The slide in crude oil prices accelerated after the Energy Information Administration reported a crude oil inventory build of 2 million barrels for the week to September 4.

A day earlier, the American Petroleum Institute added gloom to an already pessimistic market by reporting an inventory build of 2.97 million barrels for the same period.

Analysts had expected the EIA to report a moderate draw of a little over 1 million barrels.

A week earlier, the EIA reported a draw of 9.4 million barrels in crude oil, along with a solid decline in gasoline stocks and a more moderate one in distillate fuels. The latter are becoming a problem for refiners as their inventories remain high amid even more subdued demand than that for gasoline.

For last week, the EIA reported a draw of 3 million barrels in gasoline and a decline of 1.7 million barrels in distillate fuels. This is compared with a 4.3-million-barrel decline in gasoline stocks a week earlier and a 1.7-million-barrel draw in distillate fuel stocks.

Gasoline production last week averaged 8.9 million barrels daily, while distillate fuel production stood at some 4.4 million barrels daily. This is compared with 9.5 million bpd of gasoline and 4.8 million bpd of distillate fuels in the previous week.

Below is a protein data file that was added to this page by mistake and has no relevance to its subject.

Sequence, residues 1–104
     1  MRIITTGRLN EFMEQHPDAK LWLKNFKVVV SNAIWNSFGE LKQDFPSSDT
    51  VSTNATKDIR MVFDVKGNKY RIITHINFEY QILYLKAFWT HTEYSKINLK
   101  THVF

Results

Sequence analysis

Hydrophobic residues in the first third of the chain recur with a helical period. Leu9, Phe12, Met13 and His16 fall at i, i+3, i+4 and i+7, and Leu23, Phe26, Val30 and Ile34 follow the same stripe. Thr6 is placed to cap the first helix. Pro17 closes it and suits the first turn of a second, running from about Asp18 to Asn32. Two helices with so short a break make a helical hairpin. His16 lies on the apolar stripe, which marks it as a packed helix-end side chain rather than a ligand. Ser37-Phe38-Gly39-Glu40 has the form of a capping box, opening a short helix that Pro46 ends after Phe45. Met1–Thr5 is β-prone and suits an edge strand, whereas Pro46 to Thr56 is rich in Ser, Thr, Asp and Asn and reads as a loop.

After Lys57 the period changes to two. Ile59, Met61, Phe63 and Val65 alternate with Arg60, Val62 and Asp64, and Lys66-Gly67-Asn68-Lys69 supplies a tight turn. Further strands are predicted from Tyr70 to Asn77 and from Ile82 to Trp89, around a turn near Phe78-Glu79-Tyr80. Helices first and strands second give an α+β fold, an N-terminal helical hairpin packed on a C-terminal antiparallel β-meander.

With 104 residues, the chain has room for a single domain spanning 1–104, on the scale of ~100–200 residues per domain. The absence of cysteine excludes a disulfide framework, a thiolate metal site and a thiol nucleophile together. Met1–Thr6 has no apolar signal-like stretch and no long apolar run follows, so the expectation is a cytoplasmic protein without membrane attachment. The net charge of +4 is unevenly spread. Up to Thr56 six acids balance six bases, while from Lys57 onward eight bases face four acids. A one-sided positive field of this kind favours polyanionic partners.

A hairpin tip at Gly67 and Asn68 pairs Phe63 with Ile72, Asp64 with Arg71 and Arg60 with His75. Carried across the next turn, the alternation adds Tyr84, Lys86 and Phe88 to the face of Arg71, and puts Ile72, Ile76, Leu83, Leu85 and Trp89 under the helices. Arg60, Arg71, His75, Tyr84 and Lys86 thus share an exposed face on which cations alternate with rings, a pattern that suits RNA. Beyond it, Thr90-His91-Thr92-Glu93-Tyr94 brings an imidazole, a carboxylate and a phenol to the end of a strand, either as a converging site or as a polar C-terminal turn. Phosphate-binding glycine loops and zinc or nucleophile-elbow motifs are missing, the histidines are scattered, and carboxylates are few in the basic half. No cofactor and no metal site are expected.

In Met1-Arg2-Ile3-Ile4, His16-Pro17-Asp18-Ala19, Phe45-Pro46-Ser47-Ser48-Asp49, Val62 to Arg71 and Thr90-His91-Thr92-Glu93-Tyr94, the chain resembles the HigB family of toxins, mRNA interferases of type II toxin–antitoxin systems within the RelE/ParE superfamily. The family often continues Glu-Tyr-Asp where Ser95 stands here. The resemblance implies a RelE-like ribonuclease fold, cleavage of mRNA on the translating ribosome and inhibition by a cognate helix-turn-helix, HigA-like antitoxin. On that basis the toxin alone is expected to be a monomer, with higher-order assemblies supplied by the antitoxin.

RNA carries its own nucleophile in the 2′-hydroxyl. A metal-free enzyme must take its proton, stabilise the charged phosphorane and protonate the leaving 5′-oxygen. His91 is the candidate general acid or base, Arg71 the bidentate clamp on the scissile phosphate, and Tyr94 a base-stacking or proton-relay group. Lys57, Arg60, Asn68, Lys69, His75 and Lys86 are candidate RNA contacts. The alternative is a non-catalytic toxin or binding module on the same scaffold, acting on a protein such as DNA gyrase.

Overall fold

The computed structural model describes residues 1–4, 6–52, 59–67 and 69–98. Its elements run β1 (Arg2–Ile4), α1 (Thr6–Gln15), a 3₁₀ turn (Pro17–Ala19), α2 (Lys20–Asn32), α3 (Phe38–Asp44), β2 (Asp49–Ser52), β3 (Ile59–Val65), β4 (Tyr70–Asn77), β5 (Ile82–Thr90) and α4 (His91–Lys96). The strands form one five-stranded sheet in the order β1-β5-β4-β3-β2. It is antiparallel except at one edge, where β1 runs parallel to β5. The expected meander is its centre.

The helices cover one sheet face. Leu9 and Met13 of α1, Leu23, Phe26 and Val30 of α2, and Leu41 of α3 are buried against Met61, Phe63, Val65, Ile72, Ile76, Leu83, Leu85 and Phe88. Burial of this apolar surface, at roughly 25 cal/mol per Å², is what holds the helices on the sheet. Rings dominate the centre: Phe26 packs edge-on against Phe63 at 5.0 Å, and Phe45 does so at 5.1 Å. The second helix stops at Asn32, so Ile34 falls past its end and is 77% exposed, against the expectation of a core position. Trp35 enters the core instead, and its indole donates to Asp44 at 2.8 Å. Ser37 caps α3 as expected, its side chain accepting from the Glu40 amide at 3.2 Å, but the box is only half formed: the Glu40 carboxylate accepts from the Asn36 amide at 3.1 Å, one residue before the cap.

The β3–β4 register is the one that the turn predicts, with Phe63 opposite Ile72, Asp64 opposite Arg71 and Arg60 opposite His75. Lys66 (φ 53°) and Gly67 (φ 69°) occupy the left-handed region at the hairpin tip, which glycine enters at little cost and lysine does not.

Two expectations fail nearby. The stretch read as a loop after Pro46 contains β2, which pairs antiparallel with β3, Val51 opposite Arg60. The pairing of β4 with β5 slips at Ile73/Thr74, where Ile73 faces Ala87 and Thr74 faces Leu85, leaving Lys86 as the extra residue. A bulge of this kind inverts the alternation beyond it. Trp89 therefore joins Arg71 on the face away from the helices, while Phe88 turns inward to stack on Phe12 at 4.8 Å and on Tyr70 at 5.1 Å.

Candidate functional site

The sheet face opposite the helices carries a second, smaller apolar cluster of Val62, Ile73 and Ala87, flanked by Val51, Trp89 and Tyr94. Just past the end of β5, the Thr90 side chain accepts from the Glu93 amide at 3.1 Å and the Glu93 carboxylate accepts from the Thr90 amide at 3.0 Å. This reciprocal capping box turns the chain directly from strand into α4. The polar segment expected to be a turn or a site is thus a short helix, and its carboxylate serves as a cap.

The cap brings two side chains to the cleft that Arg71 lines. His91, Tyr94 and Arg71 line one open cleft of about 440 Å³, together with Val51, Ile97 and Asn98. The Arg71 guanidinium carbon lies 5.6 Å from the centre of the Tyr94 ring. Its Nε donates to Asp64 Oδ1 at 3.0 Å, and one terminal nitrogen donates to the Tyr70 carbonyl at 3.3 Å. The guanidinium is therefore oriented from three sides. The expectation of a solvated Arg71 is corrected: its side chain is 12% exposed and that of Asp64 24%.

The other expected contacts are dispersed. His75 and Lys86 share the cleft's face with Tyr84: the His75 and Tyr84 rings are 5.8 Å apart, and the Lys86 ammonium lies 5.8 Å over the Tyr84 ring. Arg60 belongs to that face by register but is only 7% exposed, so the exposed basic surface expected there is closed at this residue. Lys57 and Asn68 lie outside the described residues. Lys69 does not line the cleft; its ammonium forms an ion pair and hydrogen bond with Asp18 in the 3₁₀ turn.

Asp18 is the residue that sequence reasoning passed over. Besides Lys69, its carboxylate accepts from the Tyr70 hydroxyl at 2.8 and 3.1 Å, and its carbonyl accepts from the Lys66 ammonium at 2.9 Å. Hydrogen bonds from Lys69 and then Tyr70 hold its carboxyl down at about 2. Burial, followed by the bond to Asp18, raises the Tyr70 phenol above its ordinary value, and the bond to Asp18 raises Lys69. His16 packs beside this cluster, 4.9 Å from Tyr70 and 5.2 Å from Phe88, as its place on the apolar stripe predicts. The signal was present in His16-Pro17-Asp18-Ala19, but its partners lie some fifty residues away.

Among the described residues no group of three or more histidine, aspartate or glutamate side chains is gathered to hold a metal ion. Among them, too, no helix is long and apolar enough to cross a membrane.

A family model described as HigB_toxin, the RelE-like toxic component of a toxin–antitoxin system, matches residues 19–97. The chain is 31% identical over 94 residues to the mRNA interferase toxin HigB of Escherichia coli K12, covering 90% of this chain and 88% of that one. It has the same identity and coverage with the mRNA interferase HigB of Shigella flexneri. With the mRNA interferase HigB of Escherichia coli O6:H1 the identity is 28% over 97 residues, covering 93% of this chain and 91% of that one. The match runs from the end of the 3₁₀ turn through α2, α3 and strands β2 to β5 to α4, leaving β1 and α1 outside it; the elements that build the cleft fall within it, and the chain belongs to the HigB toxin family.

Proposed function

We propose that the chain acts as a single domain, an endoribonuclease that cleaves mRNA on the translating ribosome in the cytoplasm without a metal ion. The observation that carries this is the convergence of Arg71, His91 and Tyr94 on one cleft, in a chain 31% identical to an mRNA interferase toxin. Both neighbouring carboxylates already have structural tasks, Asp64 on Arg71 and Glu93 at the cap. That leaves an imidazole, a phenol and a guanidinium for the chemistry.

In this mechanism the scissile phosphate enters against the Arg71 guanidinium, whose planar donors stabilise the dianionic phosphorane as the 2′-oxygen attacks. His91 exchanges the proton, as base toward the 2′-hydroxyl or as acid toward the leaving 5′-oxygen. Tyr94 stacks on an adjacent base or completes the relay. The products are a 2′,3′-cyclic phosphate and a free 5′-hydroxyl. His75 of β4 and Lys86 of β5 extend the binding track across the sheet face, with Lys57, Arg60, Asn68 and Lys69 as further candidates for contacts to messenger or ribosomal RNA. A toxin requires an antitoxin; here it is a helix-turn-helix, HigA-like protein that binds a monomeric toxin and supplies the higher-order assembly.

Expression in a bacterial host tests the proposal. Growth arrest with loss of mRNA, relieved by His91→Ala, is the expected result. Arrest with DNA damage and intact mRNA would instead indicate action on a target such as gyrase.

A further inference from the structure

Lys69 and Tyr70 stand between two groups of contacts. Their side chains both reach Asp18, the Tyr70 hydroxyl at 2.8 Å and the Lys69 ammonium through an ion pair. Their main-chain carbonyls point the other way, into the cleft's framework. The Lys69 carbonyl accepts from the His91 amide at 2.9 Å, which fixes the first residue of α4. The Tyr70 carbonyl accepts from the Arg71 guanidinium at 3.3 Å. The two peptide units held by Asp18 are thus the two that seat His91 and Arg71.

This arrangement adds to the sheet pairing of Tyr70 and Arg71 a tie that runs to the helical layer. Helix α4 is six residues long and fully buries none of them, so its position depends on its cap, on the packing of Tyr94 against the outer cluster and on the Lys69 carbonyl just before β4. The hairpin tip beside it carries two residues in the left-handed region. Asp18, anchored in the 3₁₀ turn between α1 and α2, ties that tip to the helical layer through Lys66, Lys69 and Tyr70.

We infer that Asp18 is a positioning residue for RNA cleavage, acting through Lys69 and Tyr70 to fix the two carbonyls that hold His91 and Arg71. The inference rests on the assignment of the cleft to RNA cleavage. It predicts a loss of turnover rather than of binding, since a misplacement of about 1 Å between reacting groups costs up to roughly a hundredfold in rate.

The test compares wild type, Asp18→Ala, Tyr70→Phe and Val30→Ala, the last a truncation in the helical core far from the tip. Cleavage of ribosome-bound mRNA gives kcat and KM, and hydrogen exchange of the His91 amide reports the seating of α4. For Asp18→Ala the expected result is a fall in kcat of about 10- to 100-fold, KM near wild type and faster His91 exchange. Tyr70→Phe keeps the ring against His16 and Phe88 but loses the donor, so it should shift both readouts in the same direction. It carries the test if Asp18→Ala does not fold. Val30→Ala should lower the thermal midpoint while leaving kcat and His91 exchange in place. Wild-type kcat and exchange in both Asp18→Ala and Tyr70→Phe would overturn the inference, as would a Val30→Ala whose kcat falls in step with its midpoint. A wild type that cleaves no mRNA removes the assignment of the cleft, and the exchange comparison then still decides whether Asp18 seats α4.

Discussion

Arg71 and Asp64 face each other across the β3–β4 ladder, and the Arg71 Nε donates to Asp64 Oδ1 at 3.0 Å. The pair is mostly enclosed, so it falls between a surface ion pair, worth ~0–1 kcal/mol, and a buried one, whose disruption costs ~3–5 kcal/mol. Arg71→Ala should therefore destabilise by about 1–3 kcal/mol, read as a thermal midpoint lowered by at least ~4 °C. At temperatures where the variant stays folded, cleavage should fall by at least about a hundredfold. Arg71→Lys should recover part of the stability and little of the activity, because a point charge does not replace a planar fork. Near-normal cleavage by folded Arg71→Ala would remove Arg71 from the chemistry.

Oil prices have been on a losing streak this week after optimism about the recovery in oil demand got crushed amid doubts about China’s capacity to continue buying record-high amounts of crude and as Saudi Arabia said it would reduce its prices sharply for Asian and U.S. buyers from October, signaling a marked change in its upbeat attitude from earlier this year.

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Yesterday, prices recouped some of their earlier losses thanks to a rebound in stock markets, but fears that demand recovery prospects have been overestimated remained, putting a ceiling on benchmarks.

At the time of writing, Brent crude traded at $40.48 a barrel, with West Texas Intermediate at $37.66 a barrel, both down from the opening of trade today.

By Irina Slav for Oilprice.com

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